I'm a couple of weeks late on this, but, during testimony before Congress on the need to protect homosexuals from discrimination, by states as well as private employers, in the workplace, William Eskridge, a prominent law professor at Yale, told an extraordinary story from his own work history. In the 1980s, Eskridge was denied tenure at the University of Virginia, despite having what he describes as an possibly unprecedented number of papers to his name, for his age.
It's not the denial of a permanent position that stands out in the narrative, however. (UVA Law blog has the details.) It's the chairman of the tenure committee "spitting" at Eskridge (Eskridge's word) in Eskridge's office and accusing him of unspecified backstabbing. Eskridge says he had no idea what the man was talking about, but the chairman ranted on, claiming that such underhanded behavior was just what you'd expect from a "faggot." Eskridge says he feared the man was about to assault him.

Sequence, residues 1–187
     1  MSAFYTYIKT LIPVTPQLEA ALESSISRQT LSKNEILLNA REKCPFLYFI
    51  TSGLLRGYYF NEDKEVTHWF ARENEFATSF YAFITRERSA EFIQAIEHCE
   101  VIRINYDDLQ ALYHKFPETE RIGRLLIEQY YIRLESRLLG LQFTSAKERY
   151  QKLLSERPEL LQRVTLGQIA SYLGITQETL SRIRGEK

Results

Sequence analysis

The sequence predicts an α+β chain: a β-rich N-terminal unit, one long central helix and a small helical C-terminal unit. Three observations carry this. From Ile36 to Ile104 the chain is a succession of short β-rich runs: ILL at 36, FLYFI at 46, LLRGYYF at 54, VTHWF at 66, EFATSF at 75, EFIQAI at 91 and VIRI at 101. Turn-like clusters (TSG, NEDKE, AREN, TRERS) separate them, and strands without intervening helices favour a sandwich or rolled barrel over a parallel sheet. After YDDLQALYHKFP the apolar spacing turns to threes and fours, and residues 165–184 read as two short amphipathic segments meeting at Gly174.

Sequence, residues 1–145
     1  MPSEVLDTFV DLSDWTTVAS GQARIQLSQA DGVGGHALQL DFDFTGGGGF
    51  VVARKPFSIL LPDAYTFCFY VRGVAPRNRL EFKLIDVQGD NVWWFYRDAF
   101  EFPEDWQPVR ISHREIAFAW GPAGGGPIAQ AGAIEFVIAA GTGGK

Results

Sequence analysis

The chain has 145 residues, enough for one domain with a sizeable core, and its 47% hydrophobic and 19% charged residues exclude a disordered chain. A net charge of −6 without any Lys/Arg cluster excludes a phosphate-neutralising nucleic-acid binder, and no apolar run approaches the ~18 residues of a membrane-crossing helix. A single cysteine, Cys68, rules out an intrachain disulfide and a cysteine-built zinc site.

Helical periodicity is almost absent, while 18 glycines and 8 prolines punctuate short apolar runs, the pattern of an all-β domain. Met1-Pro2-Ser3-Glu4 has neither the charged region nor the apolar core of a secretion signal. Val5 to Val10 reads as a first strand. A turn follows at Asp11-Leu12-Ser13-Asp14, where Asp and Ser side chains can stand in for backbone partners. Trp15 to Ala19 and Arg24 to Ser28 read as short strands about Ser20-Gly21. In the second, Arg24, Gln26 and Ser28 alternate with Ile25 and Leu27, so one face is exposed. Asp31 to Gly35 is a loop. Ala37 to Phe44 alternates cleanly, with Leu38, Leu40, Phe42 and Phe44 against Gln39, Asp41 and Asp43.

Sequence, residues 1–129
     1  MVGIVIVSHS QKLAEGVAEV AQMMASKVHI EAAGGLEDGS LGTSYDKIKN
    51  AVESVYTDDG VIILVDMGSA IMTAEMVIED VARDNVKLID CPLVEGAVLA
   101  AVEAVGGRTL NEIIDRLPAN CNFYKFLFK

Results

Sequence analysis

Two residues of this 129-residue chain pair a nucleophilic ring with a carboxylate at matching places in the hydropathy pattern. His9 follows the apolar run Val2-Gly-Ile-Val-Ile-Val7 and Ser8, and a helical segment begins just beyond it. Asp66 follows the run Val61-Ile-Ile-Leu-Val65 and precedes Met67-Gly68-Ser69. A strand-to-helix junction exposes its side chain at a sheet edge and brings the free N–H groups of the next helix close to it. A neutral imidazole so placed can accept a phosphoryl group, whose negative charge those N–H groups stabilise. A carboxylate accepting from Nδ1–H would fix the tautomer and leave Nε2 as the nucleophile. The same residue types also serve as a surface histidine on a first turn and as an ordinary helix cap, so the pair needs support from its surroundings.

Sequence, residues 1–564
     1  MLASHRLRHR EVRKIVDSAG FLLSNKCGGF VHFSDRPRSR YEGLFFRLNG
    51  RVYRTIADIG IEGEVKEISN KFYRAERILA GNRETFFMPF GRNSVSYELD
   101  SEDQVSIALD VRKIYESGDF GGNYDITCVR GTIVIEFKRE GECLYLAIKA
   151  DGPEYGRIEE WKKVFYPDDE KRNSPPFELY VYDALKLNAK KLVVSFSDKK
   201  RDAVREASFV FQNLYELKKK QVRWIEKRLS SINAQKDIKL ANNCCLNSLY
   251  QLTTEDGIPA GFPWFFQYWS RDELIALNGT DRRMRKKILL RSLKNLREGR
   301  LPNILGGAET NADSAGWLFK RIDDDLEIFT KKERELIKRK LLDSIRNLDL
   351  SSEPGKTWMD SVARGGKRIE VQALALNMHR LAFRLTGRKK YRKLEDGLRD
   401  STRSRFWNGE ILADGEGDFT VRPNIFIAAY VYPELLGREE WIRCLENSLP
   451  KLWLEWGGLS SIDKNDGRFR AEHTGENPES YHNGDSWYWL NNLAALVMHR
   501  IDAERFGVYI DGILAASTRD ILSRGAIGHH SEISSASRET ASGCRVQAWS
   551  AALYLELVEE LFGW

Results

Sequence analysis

A search of the U.Va. web site finds no official response from the university, as of yet.
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